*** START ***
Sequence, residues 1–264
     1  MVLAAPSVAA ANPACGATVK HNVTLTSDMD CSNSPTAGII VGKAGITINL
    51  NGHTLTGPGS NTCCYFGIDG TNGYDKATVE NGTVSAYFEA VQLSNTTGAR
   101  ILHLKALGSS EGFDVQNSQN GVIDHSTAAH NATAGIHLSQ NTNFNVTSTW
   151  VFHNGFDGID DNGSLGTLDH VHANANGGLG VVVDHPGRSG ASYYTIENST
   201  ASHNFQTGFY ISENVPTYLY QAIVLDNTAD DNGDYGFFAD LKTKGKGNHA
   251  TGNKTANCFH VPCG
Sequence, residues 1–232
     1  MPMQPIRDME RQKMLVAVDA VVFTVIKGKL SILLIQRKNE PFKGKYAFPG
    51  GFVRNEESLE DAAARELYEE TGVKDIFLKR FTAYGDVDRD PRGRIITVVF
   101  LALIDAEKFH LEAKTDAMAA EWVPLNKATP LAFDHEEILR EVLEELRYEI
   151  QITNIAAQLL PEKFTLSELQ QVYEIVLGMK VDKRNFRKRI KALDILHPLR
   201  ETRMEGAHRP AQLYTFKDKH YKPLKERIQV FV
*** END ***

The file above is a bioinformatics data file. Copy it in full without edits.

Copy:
Sequence, residues 1–264
     1  MVLAAPSVAA ANPACGATVK HNVTLTSDMD CSNSPTAGII VGKAGITINL
    51  NGHTLTGPGS NTCCYFGIDG TNGYDKATVE NGTVSAYFEA VQLSNTTGAR
   101  ILHLKALGSS EGFDVQNSQN GVIDHSTAAH NATAGIHLSQ NTNFNVTSTW
   151  VFHNGFDGID DNGSLGTLDH VHANANGGLG VVVDHPGRSG ASYYTIENST
   201  ASHNFQTGFY ISENVPTYLY QAIVLDNTAD DNGDYGFFAD LKTKGKGNHA
   251  TGNKTANCFH VPCG
Sequence, residues 1–232
     1  MPMQPIRDME RQKMLVAVDA VVFTVIKGKL SILLIQRKNE PFKGKYAFPG
    51  GFVRNEESLE DAAARELYEE TGVKDIFLKR FTAYGDVDRD PRGRIITVVF
   101  LALIDAEKFH LEAKTDAMAA EWVPLNKATP LAFDHEEILR EVLEELRYEI
   151  QITNIAAQLL PEKFTLSELQ QVYEIVLGMK VDKRNFRKRI KALDILHPLR
   201  ETRMEGAHRP AQLYTFKDKH YKPLKERIQV FV